FIDE Chess World Cup Finals To Be Decided In Tiebreaks
Russian Chess Federation officials watching the World Cup finals. Photo: Kirill Merkuryev/FIDE.

FIDE Chess World Cup Finals To Be Decided In Tiebreaks

PeterDoggers
PeterDoggers
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15 | Chess Event Coverage

With two quick draws today in both Ding Liren vs. Teimour Radjabov and Maxime Vachier-Lagrave vs. Yu Yangyi, the stage is set for tiebreaks on Friday to decide on the FIDE World Cup finals.

You can follow the games here as part of our live portal Chess.com/events. There is daily coverage by our Twitch partner, the Chessbrahs.

GMs Yasser Seirawan, Eric Hansen and Aman Hambleton are covering the tournament each day on their channel Twitch.tv/Chessbrah. Play starts at 3 p.m. local time, which is 12:00 (noon) CEST, 6 a.m. Eastern and 3 a.m. Pacific.

An already memorable World Cup, which has provided plenty of drama, will go down the wire in both the final and the match for third place. Whereas Ding and Radjabov will play for prestige and a difference of $30,000 between first and second place, Vachier-Lagrave and Yu Yangyi's battle could potentially be more important.

The reason for that is the qualification process for the Candidates' Tournament, and specifically the new criteria for the wildcard spot.

The tournament will be held in March 2020 in Yekaterinburg, and so a Russian player would be a logical choice for a wildcard. However, if we look at the regulations (here in PDF) we see that the organizers cannot just pick anyone they like:

The Organizer of the FIDE Candidates Tournament 2020 has the right to nominate a player who meets at least one of the following criteria (provided that he participates in at least two events listed below in b., c. and d.):
a. The player from the top-10 players by average FIDE rating as per Clause E;
b. The player placed third in the FIDE World Cup 2019 (if the third player is qualified - then the player placed fourth, but not any further);
c. The best non-qualifying player from the FIDE Grand Swiss 2019;
d. The best non-qualifying player from the FIDE Grand Prix Series 2019.

Right now, as we can see in Martin Bennedik's Google document, the two Russian players who will be in the top 10 over the average ratings between February 2019 and January 2020 are Ian Nepomniachtchi and Alexander Grischuk, but they might qualify via the FIDE Grand Prix.

So, the Russians might have to invite a non-Russian player and then the third-placed player in the World Cup is a likely candidate for this wildcard. MVL is still in the race in the Grand Prix as well, but getting third place in Khanty-Mansiysk cannot hurt the French number-one in his goal to reach the Candidates'.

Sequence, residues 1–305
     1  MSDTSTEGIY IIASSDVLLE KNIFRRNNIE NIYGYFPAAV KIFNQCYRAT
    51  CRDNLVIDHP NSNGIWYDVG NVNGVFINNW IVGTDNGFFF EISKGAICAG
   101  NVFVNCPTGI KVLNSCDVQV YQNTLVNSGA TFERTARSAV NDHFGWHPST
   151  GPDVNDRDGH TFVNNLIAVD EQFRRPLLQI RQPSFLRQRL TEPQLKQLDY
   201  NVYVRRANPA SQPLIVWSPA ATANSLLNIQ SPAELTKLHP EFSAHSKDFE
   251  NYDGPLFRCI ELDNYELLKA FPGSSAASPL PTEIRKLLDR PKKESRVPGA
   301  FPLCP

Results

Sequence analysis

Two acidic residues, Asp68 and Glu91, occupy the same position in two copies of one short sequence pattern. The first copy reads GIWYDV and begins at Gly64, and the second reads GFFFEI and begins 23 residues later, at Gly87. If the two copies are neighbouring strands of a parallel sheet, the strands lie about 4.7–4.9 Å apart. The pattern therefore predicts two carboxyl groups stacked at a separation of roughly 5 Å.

Ding Liren Radjabov game four 2019 FIDE World Cup final
Ding Liren and Radjabov starting their last classical game. Photo: Kirill Merkuryev/FIDE.

As for the last two classical games of today, they were both over in about two hours of play. The encounter between Ding and Radjabov started with an interesting opening—If only because, as early as move seven, White played a move that had never been played by anyone rated 2200 or higher!

As it turned out, Ding went for a line where he won a pawn, but gave up the bishop pair very early. At first sight it even looked a bit risky, especially in a potentially all-decisive game, but Ding had prepared it well.

"I think we played the correct game and none of us made any mistakes so the draw is a very normal result," the Chinese player said.

Radjabov: "At this point it’s already kind of hard to calculate anything. At some point you’re questioning even your decisions, and so on, and especially in the crucial game. Generally it seems that Black can hold in many ways there but, you know, you make one mistake and then it becomes tricky. So I was kind of worried not to make a mistake simply."


FIDE's interview with Ding and Radjabov.

Yu again used the Petroff to draw his second black game with Vachier-Lagrave. This time he went for the 7...Nc6 system and, like two days ago, White's (potential) edge was perhaps bigger than it seemed.

"I was very close to being seriously better," said MVL.

He pointed out that the pawn structure that he got in the game (after Black's ...fxe6) is "fundamentally better for White" but that there were some concrete issues that prevented him from profiting. 

"In the game I couldn’t solve immediate problems, for instance when I had to allow 25...Re5 it’s clear I was not better anymore," said MVL.

FIDE's interview with MVL and Yu.

Both matches will now be decided in a tiebreak, planned for Friday. The winner of the final will earn $110,000; the runner-up, $80,000. The winner in the match for third place will earn $60,000; the loser gets $50,000.

It will be the end of a very long period of chess for MVL, who joked that by now he doesn't really care anymore. But he quickly added: "No, of course I care. Tomorrow is the last day and that will be very welcome!"

FIDE World Cup Finals Results

Seed Fed Title Player - Seed Fed Title Player G1 G2 G3 G4 TB1 TB2 TB3 TB4 TB5 TB6 TB7
1 GM Ding Liren - 10 GM Teimour Radjabov ½-½ 1-0 0-1 ½-½ . . . . . . .
3 GM Vachier-Lagrave Maxime - 12 GM Yu Yangyi ½-½ ½-½ ½-½ ½-½ . . . . . . .
Bracket:

2019 FIDE World Cup final bracket(Click on image for larger version.)

The FIDE World Cup takes place Sept. 9-Oct. 4 in Khanty-Mansiysk, Russia. Each round consists of two classical games and a tiebreak on the third day. The final consists of four classical games. Both finalists will qualify for the 2020 Candidates' Tournament. The total prize fund is $1.6 million (1.45 million euros). Sept. 19 and 29 are rest days. You can find more background info in our preview article.


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